Norway crowned the most liveable country for women 

The study, released on International Women’s Day (March 8), analyzed 100 countries worldwide. Nordic countries occupy 5 of the top 6 spots, with Norway, Sweden, Canada, Finland, Iceland and Denmark rounding out the top six.

Eliza Archer
Eliza Archer NewsMavens, Europe
Norway crowned the most liveable country for women  - NewsMavens
Norway. Kristian Magnus Kanstad - Salten Museum/Wikicommons.

Why this story matters:

Norway has been crowned the most liveable country for women according to the Women’s Liveability Index 2019.

The study, released appropriately on International Women’s Day, analyzed 100 countries worldwide. Nordic countries occupy 5 of the top 6 spots, with Norway, Sweden, Canada, Finland, Iceland and Denmark rounding out the top six. The bottom three spots are occupied by Pakistan, Ethiopia and Nigeria. Europe dominated the top 30 spots with only five non-European countries (Canada 3rd, Australia 12th, Singapore 13th, New Zealand 18th and South Korea 27th) being included.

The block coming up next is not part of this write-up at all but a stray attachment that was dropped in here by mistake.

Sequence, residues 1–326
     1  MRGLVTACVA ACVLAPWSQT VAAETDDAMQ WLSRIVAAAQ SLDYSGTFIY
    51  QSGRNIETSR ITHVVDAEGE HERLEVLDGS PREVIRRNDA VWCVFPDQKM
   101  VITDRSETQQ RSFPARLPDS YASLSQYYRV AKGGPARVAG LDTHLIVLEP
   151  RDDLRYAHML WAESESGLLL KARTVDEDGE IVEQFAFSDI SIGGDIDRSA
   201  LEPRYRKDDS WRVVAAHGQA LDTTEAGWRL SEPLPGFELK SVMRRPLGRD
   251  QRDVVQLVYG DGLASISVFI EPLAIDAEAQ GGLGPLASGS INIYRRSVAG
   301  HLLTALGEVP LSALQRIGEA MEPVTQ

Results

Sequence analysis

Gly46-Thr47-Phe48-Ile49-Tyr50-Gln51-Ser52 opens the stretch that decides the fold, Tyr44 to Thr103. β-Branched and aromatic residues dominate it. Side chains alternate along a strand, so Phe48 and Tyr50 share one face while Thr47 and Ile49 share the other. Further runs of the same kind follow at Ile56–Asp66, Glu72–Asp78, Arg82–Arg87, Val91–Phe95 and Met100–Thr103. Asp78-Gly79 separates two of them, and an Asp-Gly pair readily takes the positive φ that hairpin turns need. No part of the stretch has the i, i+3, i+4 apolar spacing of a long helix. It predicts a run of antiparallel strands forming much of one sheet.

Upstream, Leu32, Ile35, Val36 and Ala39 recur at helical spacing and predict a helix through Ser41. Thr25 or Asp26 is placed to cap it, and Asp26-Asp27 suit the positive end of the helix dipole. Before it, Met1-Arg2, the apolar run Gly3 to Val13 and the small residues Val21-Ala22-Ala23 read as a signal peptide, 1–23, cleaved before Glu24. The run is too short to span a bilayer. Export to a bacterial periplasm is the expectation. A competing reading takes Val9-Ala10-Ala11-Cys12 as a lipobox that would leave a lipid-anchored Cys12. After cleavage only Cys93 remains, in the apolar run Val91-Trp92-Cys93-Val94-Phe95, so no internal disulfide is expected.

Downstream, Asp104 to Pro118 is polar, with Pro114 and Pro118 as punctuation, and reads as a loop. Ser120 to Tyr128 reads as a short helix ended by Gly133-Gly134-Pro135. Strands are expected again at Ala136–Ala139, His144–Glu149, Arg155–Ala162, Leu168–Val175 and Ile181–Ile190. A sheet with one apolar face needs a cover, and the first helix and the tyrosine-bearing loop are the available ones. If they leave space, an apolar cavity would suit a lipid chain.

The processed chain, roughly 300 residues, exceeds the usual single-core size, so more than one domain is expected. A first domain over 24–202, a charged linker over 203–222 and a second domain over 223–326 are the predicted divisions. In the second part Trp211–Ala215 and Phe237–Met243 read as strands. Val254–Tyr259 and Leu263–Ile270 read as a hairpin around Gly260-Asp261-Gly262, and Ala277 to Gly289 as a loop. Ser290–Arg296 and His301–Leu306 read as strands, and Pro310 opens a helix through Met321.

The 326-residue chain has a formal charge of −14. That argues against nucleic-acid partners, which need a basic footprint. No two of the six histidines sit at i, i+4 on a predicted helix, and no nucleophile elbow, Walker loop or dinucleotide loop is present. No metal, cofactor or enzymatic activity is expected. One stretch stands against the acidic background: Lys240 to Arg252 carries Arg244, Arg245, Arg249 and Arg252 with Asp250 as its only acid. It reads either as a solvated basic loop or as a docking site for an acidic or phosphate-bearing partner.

Norway provides women with 637 days of maternity leave; 36% of C- Level jobs and 40.15% of government positions are occupied by women. Norway is also the best country for women’s health infrastructure.

In contrast, women in Nigeria are allowed 98 days of maternity leave, occupy 28.9% of C-level jobs but only 8.80% of government positions.

Canada was named the safest country for women, followed by Austria, Iceland and Ireland. Australia had the highest education levels for women, followed again by Iceland. Estonia provides the greatest number days for maternity leave, allowing women to take 1162 days with Slovakia, Finland and Hungary not falling far behind (with 1148, 1127 and 1120 days of maternity leave respectively).

The study also included a category on "Equal Pay Day", calculating “the day from which women essentially work for free until the end of the year due to the Gender Wage Gap”. For example, even as the top ranked country for women, after December 8, women are essentially working for free. 

Details from the story:

  • Four categories were identified: Infrastructure, Inequality, Legislation and Work.
  • Twenty factors that fell under the four categories were considered, such as; how safe a country is for women; incidences of domestic violence; access to health and education for women; maternity leave; human trafficking; taxes on female sanitary products; the year women could first vote and the gender wage gap.
  • The aim was to provide a variety of factors both critical to a woman’s wellbeing and for society at large to gain an accurate representation of their quality of life.
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